Waterman Thorobred with an XF nib

It seems that a lot of people are interested in vintage flex pens, particularly Waterman, and for good reason. Waterman, in the first half of the 20th. century, made a lot of beautiful pens with incredibly good flexible nibs. However, these pens are rather pricey and scarce.

The Thorobred, made in the 1930s, is a great, full-size pen. It's made out of gorgeous brown, red-veined celluloid, and has chrome trim. The nib is the same #2 nib that people know and love. This one is extra-fine in width when writing with normal pressure, and opens up nicely with heavier pressure.

This is not the softest nib I've ever used, but it does fall into the "medium flex" category, and can be used for shaded writing. The XF line is great for hairlines! This pen would make a great, affordable "first vintage flex" pen. Contact me if you're interested. Thanks!

Waterman 301V vintage flex pen

Waterman is famous for its flexible nibs made during the first half of the 20th century. The model 52 is perhaps the most common, performs very well, but it can be pricey. Waterman also made pens that were supposed to be carried in a vest pocked, hence the "V" designation. These were smaller pens when capped, with a really convenient and stylish clip, but converter to full-size pens when posted. Sure, by moderns standards, these are rather slender pens, but they are perfectly comfortable for most people's hands.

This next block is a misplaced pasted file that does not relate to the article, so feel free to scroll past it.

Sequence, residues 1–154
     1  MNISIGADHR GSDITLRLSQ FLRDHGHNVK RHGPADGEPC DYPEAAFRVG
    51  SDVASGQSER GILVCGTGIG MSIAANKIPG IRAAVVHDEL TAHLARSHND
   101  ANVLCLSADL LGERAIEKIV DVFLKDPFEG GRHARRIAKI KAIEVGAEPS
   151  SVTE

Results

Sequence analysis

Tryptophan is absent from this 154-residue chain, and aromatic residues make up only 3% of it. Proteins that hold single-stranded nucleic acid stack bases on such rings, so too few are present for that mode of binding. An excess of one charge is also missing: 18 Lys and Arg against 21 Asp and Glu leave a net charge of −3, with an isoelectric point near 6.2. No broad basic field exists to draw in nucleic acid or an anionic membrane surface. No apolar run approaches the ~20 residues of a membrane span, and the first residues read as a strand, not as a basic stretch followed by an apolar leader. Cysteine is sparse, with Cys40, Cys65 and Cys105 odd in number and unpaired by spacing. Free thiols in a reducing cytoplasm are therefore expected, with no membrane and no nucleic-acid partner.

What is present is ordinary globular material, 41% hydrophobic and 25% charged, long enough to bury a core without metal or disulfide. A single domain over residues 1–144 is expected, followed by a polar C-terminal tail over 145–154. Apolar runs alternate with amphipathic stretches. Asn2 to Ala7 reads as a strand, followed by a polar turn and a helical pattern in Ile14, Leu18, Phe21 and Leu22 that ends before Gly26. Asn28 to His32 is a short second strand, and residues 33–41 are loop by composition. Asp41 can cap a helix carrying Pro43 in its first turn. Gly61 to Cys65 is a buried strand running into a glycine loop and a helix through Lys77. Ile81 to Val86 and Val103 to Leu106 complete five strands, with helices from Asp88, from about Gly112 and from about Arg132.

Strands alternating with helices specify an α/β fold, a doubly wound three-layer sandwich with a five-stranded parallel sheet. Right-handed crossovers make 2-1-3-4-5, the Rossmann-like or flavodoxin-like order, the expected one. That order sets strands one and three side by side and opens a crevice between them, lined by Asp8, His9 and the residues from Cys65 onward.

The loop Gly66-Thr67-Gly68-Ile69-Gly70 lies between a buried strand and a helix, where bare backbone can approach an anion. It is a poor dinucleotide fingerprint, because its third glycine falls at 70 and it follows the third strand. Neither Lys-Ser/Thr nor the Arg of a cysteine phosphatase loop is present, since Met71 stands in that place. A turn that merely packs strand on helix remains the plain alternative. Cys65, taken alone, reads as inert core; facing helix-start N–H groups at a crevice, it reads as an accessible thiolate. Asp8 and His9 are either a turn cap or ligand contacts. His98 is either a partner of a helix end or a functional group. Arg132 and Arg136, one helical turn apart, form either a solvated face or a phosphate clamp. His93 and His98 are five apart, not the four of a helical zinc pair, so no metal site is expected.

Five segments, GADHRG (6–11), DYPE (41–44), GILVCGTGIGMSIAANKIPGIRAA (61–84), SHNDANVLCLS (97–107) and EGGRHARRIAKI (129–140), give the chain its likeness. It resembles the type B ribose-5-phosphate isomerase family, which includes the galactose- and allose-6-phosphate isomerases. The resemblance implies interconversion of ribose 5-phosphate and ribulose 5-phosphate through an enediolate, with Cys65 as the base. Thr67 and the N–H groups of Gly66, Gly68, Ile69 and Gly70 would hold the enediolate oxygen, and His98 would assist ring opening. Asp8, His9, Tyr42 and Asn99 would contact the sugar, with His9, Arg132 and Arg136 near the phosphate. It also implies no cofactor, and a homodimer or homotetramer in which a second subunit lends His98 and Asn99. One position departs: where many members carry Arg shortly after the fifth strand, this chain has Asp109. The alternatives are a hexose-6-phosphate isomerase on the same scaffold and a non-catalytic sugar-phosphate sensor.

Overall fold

The 301V is made of gorgeous brown, red-veined celluloid. The material is gleaming, so beautiful, and in absolutely mint condition. The depth and chatoyancy are excellent, and a testament to the quality of vintage celluloid.

Waterman 301V in gorgeous brown, red-veined celluloid

The star of the show here is, of course, the 14k flexible nib. The nib is in excellent condition, with perfectly preserved geometry, and ample tipping material. It writes a fine line, even and extra-fine line with light pressure, but opens up nicely under pressure. The "snap-back" property is what sets these vintage nibs apart from most modern flex-wannabe nibs made today. I would not call this nib a full-flex, but it is easily a medium flex nib. It would make a perfect first vintage flex nib for a fountain pen enthusiast.

Here's my attempt at flex writing, a pretty poor attempt to be sure.

Here's my attempt at flex writing, a pretty poor attempt to be sure.